Thinking of Ghosting the Job Interview? Don’t.

Markus Spiske / Pexels

SMITH BRAIN TRUST — A strong job market gives job hunters more leverage. Some are using it to “ghost” job interviews, according to a recent report from USA Today. Employers are reporting a sharp uptick in the number of job candidates who have blown off interviews, have not shown up to the first day of a work for a position they had accepted, or have just vanished from a current job without giving notice.

“As a career coach, I am horrified that someone would do that,” says Rachel Loock of the University of Maryland’s Robert H. Smith School of Business. “I guess the job market is such that people think they can get away with that and it won’t come back and bite them.”

This bad behavior is very risky – and very unnecessary, says Loock. Instead of ghosting an employer, just be upfront, says Loock. Yes, it’s awkward. But get over it. The workplace – and life, for that matter – is full of awkward conversations, she says. Knowing how to navigate them is a critical skill. Here’s how:

Communicate in good faith. Be direct, honest and fair, says Loock. It happens – sometimes another opportunity comes up that is better for you. Be up front. While you don’t have to detail where you’re headed instead, let them know that you’ve decided not to pursue their opportunity so they can move on to other candidates. No explanation is needed, other than “I found a better fit.”

Be gracious. Be sure to thank the employer for his or her time and consideration. This is even more critical if you plan to work in the same industry. You never know where that person will end up. They could be the hiring manager at your next dream job. “And if you ghosted them, you know where your resume is going then – right in the trash,” says Loock.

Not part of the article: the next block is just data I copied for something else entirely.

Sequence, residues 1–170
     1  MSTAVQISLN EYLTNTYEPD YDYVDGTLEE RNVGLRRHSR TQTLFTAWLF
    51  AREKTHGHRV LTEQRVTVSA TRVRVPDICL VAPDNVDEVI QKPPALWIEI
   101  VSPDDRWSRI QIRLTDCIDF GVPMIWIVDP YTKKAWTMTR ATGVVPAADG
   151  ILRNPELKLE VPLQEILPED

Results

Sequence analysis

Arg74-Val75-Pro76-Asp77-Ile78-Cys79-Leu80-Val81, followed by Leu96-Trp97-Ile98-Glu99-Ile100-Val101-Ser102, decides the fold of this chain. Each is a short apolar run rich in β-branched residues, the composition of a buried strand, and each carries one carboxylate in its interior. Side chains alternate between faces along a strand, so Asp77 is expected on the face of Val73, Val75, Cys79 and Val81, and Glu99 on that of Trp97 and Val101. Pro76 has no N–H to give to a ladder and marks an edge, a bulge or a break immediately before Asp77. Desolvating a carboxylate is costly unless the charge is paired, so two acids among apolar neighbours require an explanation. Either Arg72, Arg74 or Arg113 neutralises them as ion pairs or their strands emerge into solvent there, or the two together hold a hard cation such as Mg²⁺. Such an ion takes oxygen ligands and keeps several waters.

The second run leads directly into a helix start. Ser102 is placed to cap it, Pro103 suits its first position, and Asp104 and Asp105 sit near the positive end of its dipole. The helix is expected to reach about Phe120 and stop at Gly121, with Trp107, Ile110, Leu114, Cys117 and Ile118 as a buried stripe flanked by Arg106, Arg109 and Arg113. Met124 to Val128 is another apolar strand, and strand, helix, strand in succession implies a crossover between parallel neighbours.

As a career coach, I am horrified that someone would do that.

Don’t string people along. Once you are sure you aren’t interested in pursuing the opportunity, let the employer know. Don’t waste people’s time. Don’t avoid phone calls, texts and emails from the employer. “If I’m in the interview process with you and I never hear back from you, I might think you’re dead on the side of the road somewhere,” says Loock. “Meanwhile you’re just avoiding me.”

Don’t be typecast. A millennial thing? Don’t give employers a chance to suggest it, says Loock. The millennial generation already is saddled with labels of entitlement and narcissism, don’t let anyone add “ghosters” to the list, she says.

Save face. Remember, it’s your name on the line. At the end of the day, it comes down to tarnishing your name. And your name is your reputation, your personal brand, says Loock. “Some of these ghosters must think they can just burn through these things.”

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